Mirror is an open-source multiplayer game framework for Unity. The history of Mirror is pretty interesting, I’d encourage anyone interested to give it a read on their site. Long story short, it was built as a replacement for UNET (which was provided by Unity but had a number of issues and was ultimately deprecated). Mirror … Read more
In my last post I talked about a way I found to execute arbitrary code in Unity using no custom scripts, only built-in components. This allowed potential attacks against Unity games that load AssetBundles from untrusted sources since, although AssetBundles can’t include custom scripts, they can include GameObjects containing these built-in components. The attack I outlined in that blog used UnityEvents, which are primarily exposed via Unity’s built-in UI elements, but the attack required user interaction to trigger.
In this post I am going to discuss a zero-click method of triggering UnityEvents, along with some additional things I’ve learned on this topic. I will also introduce a new exploit that does not use UnityEvents and removes one of the limitations of the UnityEvent-based attack (while adding limitations of its own). Finally, I will give some updated remediation thoughts.
The Unity game engine provides various means for getting external assets into a game, such as AssetBundles, for adding assets at runtime and the Asset Store, for purchasing third-party assets.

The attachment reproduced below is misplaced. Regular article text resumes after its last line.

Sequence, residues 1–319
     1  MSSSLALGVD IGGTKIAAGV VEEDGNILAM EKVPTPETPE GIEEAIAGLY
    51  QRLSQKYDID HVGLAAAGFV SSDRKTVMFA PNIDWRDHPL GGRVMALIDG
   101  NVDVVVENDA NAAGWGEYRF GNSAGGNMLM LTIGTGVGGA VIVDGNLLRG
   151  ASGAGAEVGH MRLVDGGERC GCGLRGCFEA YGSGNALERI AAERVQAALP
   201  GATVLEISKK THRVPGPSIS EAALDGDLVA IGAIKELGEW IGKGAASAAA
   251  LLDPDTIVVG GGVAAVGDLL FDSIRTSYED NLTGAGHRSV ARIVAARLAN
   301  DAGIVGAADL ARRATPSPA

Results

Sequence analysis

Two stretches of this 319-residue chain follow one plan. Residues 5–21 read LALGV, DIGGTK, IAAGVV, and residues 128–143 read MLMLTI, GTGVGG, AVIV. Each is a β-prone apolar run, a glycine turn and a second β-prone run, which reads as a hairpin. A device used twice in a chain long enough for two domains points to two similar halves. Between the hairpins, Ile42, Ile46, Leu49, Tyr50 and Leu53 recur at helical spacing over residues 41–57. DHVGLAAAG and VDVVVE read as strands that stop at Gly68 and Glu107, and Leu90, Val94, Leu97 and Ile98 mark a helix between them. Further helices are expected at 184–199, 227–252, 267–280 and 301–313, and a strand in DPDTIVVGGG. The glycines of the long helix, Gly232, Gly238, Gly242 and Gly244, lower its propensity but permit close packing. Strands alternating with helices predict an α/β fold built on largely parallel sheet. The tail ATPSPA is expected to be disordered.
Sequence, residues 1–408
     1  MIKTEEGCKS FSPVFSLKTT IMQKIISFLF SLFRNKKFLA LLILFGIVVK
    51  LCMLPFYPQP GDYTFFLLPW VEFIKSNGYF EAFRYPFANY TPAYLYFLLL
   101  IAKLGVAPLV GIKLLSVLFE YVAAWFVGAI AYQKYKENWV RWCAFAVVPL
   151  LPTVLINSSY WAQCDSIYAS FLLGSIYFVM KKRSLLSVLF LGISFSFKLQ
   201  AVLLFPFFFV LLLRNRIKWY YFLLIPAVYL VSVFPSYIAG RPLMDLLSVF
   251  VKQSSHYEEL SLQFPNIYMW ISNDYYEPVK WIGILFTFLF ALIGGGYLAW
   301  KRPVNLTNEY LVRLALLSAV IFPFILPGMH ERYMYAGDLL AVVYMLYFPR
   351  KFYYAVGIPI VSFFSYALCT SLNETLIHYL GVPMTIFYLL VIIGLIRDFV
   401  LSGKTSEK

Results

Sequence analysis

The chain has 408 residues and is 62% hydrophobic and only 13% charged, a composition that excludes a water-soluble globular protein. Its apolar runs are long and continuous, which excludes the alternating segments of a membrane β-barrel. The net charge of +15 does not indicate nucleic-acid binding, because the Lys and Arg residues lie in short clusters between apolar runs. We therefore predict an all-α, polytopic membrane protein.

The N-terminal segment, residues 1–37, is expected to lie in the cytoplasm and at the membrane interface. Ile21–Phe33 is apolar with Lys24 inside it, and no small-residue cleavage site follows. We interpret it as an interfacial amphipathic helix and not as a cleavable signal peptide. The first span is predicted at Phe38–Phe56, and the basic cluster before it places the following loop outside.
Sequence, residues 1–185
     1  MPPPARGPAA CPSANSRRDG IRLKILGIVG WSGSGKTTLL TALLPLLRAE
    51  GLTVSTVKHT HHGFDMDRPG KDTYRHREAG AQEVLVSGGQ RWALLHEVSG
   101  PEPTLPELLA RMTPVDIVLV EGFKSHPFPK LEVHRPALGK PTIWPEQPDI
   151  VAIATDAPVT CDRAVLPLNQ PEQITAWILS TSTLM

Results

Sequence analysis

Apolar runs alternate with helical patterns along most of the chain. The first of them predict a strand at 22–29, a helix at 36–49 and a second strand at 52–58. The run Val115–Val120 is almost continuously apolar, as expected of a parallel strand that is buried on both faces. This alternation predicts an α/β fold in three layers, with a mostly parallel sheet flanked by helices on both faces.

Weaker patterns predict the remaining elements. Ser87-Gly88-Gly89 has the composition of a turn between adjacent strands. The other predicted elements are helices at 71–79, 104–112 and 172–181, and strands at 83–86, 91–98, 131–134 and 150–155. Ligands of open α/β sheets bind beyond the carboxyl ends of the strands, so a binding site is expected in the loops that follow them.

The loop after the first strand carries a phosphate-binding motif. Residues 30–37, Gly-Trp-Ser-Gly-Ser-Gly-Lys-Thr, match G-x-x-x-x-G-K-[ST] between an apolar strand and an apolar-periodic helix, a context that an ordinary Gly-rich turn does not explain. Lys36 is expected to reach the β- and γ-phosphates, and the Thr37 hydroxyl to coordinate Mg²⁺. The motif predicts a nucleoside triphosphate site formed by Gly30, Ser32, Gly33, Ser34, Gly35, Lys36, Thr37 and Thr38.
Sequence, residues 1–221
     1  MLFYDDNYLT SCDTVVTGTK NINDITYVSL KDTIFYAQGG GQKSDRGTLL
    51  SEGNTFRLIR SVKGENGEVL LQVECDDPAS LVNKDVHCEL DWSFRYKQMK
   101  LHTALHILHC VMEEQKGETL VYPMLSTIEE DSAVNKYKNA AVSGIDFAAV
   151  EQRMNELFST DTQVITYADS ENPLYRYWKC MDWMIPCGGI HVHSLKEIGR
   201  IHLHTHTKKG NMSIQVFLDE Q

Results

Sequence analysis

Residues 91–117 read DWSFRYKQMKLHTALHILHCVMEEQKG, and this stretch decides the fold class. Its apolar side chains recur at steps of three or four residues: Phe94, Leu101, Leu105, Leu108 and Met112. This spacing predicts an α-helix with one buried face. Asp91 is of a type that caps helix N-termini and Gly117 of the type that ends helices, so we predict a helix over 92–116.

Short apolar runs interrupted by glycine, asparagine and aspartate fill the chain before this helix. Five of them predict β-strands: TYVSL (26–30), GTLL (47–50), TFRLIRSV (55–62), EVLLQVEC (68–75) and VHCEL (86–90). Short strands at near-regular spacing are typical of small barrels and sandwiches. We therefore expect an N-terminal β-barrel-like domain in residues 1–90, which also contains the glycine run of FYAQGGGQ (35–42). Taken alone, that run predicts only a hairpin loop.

It’s possible for a GameObject to execute arbitrary code using no custom scripts, only components that are available by default in Unity. If the game uses Bolt or another visual scripting system, there are even more paths to code execution. In this blog I will cover how a malicious GameObject might get into a game, two specific methods I’m aware of for the GameObject to execute code, and possible ways to mitigate the risk.
The Unity game engine has a package manager which allows packaged code and assets to be imported into a game, with dependencies automatically handled. Originally this was used only for Unity-produced packages, such as the GUI system. Later Unity began allowing private registries so that game studios can maintain their own internal packages. The IncludeSec research team found that the previous advice to Unity game developers to stand up their own package manager left them vulnerable to dependency confusion by default.